The annual meeting of the Endocrine Society was held June 15–18 in San Francisco, CA. Once again, the CSRF had a booth on the exhibit floor. The booth was staffed by Karen Campbell, Ellen Whitton, Elissa Kline, Danielle Ziatek, and Libby Vianu Unfortunately, our booth was in an area of the exhibit hall that did not see heavy traffic, and a large gas leak closed the Moscone Center for most of Sunday afternoon so we lost some exhibit time; however, we still had an opportunity to speak with many members of our Medical Advisory Board and other physicians and nurses. We have reserved our booth space for ICE/Endo 2014 in what looks like an excellent location. The 2014 exhibit, to be held on June 21–24 in Chicago, IL, is a joint meeting with the International Society of Endocrinology.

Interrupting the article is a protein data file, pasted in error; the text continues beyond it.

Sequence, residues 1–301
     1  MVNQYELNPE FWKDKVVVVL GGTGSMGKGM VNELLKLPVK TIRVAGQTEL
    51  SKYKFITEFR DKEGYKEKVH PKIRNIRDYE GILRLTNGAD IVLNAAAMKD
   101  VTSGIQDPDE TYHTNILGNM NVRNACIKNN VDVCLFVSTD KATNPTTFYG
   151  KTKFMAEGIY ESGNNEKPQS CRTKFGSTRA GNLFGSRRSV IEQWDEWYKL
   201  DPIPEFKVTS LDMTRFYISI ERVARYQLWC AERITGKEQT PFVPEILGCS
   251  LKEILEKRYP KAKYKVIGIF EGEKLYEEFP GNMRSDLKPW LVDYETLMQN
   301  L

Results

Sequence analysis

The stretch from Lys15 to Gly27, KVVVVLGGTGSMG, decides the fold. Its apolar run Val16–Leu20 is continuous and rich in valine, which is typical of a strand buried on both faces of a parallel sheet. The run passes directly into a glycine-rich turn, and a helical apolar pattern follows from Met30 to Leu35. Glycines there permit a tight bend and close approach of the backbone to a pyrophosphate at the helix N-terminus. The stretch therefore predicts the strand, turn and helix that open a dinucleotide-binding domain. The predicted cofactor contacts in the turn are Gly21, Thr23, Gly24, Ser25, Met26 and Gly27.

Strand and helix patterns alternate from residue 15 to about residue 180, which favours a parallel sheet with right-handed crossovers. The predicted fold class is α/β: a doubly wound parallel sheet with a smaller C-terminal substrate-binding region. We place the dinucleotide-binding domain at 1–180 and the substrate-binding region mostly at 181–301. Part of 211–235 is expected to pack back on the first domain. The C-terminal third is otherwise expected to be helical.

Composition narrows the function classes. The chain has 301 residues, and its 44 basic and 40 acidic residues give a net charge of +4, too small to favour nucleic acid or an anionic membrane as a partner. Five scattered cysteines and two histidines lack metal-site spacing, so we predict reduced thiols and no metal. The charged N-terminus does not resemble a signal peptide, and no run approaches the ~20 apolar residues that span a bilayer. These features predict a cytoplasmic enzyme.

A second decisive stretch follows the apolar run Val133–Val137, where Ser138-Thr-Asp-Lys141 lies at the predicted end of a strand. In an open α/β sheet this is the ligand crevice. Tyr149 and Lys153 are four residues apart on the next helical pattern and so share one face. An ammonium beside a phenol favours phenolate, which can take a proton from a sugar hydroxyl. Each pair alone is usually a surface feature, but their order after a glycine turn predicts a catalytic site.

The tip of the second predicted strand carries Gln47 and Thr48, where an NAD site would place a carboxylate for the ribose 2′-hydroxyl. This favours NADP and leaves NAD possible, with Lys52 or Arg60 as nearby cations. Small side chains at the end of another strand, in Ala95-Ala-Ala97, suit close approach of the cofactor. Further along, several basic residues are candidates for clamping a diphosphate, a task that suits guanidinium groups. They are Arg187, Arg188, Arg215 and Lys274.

A Satellite Symposium, “Cushing’s Disease: When Surgery Fails,” was chaired by Dr. Ashley Grossman, UK, and included talks on the “Pitfalls in the Testing and Diagnosis of Hypercortisolemia” by Dr. Lynnette Nieman, National Institutes of Health, Bethesda, MD; “When Surgery Doesn’t Work—Radiation Modalities” by Dr. John Suh, Cleveland Clinic, OH; and “Advances in Medical Therapy” by Dr. Stephan Peterseen, ENDOC Center for Endocrine Tumors, Germany. Meet the Professor sessions were presented on “Cushing’s Disease: Evaluation and Management” (Dr. Richard Feelders, Erasmus MC, Netherlands) “Adrenal Nodules” (Dr. Richard Auchus, University of Michigan, Ann Arbor, MI), “ACTH Independent Macronodular Adrenal Hyperplasia: Diagnosis and Management” (Dr. Andre Lacroix, University of Montreal, Canada), “Aggressive Pituitary Tumors” (Dr. John Wass, Oxford University, UK), and “Pituitary Incidentalomas” (Dr. Laurence Katznelson, Stanford University, CA). The Endocrine Nurses Society also included talks on Cushing’s. “An Update on Cushing’s Disease” was presented by Dr. Beverly Biller, and Karen Liebert, RN, BSN, from Massachusetts General Hospital, Boston, MA.